The advance estimate of national income for 2011-12, released recently by the Central Statistical Organisation, points to a decline in India’s GDP growth rate, from 8.4 per cent last year, to 6.9 per this fiscal. Hurt by high inflation and decline in demand in interest-sensitive sectors, private final consumption expenditure, the largest component of aggregate demand, is expected to moderate to 6.5 per cent in 2011-12 from 8.1 per cent in 2010-11. Pace of capital formation is also expected to slip to crisis levels of 5.6 per cent. Indeed, even the latest industrial production figures with a meager 1.8 per cent growth for December, confirm the slowdown, with a worrisome de-growth of -16.5 per cent in the capital goods sector. While such moderation can in principle be tackled through demand augmenting policies, it leads to a strong possibility of reemergence of inflationary pressures once pent up demand from both consumers and industry show up. The service sector has again emerged as the prime mover; all the three broad groups under which the tertiary sector is classified in the national accounts statistics — trade, hotels, etc; finance, insurance etc; and community, social and personal services — are instrumental in pulling the real GDP up. Deceleration in the manufacturing and agricultural sectors, combined with a services sector growth is definitely inflationary. GDP deflator, a broad measure of inflation that includes services, has been estimated at 8.66 per cent, higher than the government/RBI’s estimate of 7 per cent WPI inflation by the end of March. Global food prices as per the FAO rose 1.9 per cent in January demonstrating the volatility in the international food markets; worries about weather conditions affecting 2012 crops in several major producing regions point to a further increase in February. Back home the agriculture, forestry and fishing sector is expected to record growth of just 2.5 per cent in its GDP during 2011-12, as against the previous year’s growth rate of 7.0 per cent. Within agriculture, the value of food grains production is expected to slow to 2.3 per cent as compared to 12.2 per cent in the previous agriculture year despite a record harvest of foodgrains, with new peaks in both rice and wheat production. This does not augur well for the supply-side. The Indian central bank has battled inflation through a high interest rate policy during the past fiscal and does not have much fire power left this time to tackle another surge in prices; indeed its rate reversal cycle may coincide with another bout of high global food price inflation. A production augmenting budget (and central bank policy) even if inflationary, is necessary for longer term development; this has to be backed-up by extremely prudent rationalisation and channelisation of subsidies to achieve the dual objectives of fiscal consolidation as well equitable distribution.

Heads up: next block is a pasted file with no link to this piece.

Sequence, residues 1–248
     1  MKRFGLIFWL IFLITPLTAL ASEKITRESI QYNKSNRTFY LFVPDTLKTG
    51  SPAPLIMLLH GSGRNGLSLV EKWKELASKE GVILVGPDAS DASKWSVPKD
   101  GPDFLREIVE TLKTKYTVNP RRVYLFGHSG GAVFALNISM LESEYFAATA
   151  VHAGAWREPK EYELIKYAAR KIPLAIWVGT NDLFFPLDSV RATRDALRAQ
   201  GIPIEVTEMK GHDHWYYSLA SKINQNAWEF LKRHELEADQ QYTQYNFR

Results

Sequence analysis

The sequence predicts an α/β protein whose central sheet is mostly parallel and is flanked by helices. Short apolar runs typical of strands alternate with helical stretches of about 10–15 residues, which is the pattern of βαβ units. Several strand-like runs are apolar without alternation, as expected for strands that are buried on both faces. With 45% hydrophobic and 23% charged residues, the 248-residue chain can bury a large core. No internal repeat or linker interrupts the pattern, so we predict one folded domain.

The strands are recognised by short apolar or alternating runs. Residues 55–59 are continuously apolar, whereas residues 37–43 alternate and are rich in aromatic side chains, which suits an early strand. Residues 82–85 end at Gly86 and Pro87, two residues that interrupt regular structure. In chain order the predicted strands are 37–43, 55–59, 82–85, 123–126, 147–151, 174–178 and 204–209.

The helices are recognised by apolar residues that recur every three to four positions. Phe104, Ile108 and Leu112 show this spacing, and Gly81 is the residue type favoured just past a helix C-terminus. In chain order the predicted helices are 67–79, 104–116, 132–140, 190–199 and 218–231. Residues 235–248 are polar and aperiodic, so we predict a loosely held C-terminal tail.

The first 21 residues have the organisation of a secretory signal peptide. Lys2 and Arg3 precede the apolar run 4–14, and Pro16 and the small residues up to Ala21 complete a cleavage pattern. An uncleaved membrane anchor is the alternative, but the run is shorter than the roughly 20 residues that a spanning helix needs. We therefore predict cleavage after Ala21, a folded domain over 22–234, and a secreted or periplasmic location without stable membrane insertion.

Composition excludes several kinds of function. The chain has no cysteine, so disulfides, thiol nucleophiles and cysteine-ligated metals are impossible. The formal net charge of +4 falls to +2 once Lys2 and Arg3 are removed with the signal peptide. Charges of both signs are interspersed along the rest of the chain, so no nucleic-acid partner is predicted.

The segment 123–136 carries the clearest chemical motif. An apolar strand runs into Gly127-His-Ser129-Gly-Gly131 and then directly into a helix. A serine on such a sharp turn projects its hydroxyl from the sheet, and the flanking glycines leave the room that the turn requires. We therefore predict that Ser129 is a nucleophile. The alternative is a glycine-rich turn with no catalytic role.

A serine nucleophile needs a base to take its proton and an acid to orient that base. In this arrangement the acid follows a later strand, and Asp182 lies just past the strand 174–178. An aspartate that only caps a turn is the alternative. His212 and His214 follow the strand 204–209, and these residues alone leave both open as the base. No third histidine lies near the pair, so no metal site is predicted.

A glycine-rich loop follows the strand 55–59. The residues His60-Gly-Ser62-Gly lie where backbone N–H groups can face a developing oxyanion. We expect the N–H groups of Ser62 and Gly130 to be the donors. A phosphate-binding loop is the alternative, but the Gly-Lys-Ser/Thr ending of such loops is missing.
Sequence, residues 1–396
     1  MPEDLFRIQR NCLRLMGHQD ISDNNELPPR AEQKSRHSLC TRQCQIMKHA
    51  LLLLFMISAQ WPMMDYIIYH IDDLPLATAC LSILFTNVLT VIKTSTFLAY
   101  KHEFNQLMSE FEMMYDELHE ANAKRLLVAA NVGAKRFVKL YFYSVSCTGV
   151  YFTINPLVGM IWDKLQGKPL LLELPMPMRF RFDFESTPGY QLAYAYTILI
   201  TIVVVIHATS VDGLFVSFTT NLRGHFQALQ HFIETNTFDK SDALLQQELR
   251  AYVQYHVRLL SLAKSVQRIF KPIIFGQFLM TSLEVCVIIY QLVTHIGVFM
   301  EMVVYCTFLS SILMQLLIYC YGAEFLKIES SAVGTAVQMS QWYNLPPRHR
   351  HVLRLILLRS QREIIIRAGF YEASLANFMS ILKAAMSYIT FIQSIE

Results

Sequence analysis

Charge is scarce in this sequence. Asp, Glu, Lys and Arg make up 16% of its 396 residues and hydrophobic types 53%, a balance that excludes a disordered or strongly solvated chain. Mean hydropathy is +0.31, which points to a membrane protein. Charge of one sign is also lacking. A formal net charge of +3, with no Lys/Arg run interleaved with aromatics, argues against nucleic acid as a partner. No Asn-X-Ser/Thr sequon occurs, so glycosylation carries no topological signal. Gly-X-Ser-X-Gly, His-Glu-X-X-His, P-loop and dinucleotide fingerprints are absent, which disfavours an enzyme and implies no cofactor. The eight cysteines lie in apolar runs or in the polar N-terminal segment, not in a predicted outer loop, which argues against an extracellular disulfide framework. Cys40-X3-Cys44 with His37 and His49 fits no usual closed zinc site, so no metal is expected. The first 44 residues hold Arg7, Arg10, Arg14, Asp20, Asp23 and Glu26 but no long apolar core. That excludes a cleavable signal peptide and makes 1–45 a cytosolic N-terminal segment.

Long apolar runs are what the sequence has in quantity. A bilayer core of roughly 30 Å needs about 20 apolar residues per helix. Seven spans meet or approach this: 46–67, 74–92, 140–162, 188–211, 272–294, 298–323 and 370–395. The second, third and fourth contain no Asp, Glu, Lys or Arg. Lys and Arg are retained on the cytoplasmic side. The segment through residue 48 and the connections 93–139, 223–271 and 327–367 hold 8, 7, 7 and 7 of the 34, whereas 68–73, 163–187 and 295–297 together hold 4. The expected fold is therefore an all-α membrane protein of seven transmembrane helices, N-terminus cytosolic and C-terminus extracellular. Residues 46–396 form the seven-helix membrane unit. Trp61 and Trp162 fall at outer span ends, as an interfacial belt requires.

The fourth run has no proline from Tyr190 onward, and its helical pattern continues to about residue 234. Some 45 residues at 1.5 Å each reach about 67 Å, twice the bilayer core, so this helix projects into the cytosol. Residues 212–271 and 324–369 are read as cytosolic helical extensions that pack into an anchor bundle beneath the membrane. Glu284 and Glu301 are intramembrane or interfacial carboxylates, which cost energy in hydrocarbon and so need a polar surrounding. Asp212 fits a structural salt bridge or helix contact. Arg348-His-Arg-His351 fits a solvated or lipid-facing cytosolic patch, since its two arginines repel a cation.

Thursday, January 26, 2012
RBI addresses liquidity concerns; keeps key policy rates and inflationary expectations firmly anchored
Responding to an acute and prolonged liquidity crunch, the RBI in its recent Review of Monetary Policy has reduced the CRR (Cash Reserve Ratio, the amount of cash that banks have to mandatorily park with it) by 50 basis points from 6 per cent to 5.50 per cent of deposits, infusing about Rs. 32,000 crore into the banking system to mitigate the effects of net liquidity drainage from the system. For the last 4-5 months, commercial banks put together were borrowing Rs. 1-1.5 lakh crores on a daily basis from RBI. Since mid-October 2011, pressures on liquidity were acute despite injection of liquidity worth Rs. 70,000 crore, exacerbated by the forex market operations conducted by the Reserve Bank in response to a sharp depreciation of the Indian currency. This is indeed a reversal of the central bank’s policy stance as RBI notes that it considers the CRR as a monetary policy instrument with liquidity dimensions. However, RBI held its key policy rates unchanged (Repo: 8.5%, Reverse Repo 7.5% and MSF at 9.5%; SLR at 24.0%).